Man with a mission

The Ranjan Gogoi-led Supreme Court has sprung several surprises, starting from the style of functioning of the chief justice of India himself. One of his predecessors, S.H. Kapadia, was famous for the promptness and exactness in dealing with cases, especially public interest petitions. Kapadia, a no-nonsense judge who specialised in taxation matters, made it clear that he had no time for private agendas masquerading as PILs. Court Hall No.1, where the chief justice sits, would clear up quickly as Kapadia dealt summary decisions on what he thought were frivolous or diversionary petitions, and would impose fines on petitioners whom he thought did not have public interest as priority. He was severe on serial petitioners, who would read the morning headlines and fashion a PIL.

Gogoi has also brought in equity in terms of urgent mentions, not giving priority to veterans of the bar, to whom other judges defer at least in the matter of giving an immediate hearing. Gogoi, who will be chief justice when the country goes through a general election, is a man in a hurry. He has already imparted urgency in the matter of filling the large number of vacancies in high courts and the Supreme Court by engaging the government. He wants the Narendra Modi government to clear all pending recommendations for appointment of judges, especially as the prime minister has a tardy record in filling the vacancies in tribunals. There are also expectations that Gogoi could implement the memorandum of procedure on appointments to higher judiciary, on which the Modi government has been dragging its feet, ever since the Supreme Court quashed the National Judicial Appointments Commission Act.

Illustration: Bhaskaran Illustration: Bhaskaran

The chief justice has also gone after state high courts to speed up appointments to subordinate judiciary, an issue highlighted by this magazine recently. There had been chief justices of high courts who gave the highest priority to clearance of pending cases in their courts like V.S. Malimath of Karnataka and Kerala High Courts, and Swatanter Kumar of Mumbai High Court, who later became judge of the Supreme Court and chairperson of the National Green Tribunal. Malimath headed a high-power committee to recommend reforms in the criminal justice system, and many of his recommendations have found their way into the statute books. Gogoi’s predecessor Dipak Misra gave high priority to dispose off a good number of Constitutional matters, presiding over a majority of the benches himself. There were major judgements given on issues which included validity of Aadhaar law and subjects of faith.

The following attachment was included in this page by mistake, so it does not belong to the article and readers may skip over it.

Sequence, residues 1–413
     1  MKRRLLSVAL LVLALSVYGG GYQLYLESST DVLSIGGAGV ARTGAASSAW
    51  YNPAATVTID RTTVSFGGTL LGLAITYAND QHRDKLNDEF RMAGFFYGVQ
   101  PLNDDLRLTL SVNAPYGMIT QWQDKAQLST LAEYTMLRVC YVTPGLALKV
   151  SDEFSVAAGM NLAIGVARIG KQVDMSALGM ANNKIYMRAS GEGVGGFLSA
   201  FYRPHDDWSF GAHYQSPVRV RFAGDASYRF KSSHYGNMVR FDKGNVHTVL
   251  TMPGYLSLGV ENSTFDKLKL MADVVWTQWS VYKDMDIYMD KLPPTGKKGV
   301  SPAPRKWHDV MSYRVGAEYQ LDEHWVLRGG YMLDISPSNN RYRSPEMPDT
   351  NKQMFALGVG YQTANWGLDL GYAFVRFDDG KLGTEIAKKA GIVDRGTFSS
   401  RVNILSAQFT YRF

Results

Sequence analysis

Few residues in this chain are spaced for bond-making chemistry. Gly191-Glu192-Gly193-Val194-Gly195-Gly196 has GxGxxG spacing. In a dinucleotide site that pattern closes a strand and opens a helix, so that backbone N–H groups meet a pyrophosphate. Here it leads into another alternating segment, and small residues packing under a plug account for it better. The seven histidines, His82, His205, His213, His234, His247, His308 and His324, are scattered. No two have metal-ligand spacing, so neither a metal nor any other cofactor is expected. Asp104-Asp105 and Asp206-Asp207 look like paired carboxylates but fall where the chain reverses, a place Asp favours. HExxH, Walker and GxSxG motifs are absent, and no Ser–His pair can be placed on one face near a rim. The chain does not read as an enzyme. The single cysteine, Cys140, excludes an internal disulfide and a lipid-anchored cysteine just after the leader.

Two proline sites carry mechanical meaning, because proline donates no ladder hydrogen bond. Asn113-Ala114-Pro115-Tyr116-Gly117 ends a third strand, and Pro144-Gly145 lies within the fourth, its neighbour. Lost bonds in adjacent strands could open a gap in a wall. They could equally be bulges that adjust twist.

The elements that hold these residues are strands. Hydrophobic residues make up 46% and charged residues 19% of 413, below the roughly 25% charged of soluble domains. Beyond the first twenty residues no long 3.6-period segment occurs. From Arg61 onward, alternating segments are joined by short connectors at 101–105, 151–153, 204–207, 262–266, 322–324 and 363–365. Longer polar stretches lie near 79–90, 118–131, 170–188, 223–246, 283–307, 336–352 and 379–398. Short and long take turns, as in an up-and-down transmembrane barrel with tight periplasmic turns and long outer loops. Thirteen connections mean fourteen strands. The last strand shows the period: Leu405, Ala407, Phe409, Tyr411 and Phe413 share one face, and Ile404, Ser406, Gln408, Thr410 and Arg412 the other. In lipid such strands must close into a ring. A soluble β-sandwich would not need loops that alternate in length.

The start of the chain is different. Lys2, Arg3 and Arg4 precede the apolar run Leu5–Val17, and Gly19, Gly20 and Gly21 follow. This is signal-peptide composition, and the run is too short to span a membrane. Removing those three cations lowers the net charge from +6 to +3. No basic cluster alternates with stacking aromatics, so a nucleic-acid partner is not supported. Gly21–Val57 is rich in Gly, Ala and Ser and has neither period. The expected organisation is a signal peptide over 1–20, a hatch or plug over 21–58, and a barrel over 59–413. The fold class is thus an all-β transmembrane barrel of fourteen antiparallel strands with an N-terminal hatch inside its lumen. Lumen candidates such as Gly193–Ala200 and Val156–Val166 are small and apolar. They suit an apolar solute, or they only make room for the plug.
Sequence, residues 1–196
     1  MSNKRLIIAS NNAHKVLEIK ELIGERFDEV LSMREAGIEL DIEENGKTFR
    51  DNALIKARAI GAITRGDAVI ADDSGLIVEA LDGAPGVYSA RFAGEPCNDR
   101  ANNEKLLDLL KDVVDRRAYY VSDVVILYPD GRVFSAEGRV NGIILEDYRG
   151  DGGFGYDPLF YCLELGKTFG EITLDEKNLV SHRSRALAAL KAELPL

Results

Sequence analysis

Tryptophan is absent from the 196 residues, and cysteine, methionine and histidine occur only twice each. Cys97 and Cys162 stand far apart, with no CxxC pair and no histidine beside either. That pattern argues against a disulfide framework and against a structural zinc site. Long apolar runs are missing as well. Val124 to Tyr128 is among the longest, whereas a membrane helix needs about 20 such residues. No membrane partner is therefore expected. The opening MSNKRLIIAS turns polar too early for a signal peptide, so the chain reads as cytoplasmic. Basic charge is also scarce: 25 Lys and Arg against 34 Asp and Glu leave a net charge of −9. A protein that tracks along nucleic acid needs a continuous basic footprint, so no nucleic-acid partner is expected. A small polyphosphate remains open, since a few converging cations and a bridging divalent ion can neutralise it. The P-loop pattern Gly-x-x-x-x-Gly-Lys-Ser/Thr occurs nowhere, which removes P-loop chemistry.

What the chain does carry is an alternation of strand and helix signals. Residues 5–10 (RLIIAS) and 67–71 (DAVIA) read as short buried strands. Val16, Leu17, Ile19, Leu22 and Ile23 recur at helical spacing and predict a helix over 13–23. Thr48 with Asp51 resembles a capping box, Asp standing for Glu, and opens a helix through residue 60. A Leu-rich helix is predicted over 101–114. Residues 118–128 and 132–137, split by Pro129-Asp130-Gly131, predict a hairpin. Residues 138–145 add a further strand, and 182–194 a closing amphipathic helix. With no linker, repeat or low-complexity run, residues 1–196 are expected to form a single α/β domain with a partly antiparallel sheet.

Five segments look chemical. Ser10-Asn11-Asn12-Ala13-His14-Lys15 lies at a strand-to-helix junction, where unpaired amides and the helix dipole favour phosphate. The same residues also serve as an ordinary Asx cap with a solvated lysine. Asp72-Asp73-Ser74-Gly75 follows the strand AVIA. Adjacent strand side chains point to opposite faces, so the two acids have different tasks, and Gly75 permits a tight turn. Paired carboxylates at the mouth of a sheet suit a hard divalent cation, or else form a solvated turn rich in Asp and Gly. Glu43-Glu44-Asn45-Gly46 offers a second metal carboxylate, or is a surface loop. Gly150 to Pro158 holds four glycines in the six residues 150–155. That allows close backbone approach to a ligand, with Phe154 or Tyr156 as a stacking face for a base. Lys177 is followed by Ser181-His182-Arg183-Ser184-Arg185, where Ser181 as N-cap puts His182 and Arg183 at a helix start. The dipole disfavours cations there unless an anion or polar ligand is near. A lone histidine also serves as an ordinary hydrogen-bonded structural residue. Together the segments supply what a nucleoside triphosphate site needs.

Gogoi, as master of the roster and chief administrator, has talked about bringing institutional changes, and he might consult those who could become chief justices after his retirement in November 2019, like justices Sharad Arvind Bobde, N.V. Ramana, U.U. Lalit and D.Y. Chandrachud. Such consultations are required, as well as a broad agreement on issues of appointment of judges, speeding up trials and disposal of pending cases. Then only can the courts clear the mountains of arrears pending at different levels. Such consultations would also end the current practice where each chief justice leaves his own stamp on the administration, which need not be taken up by his successor. It is an exciting period for the Gogoi court.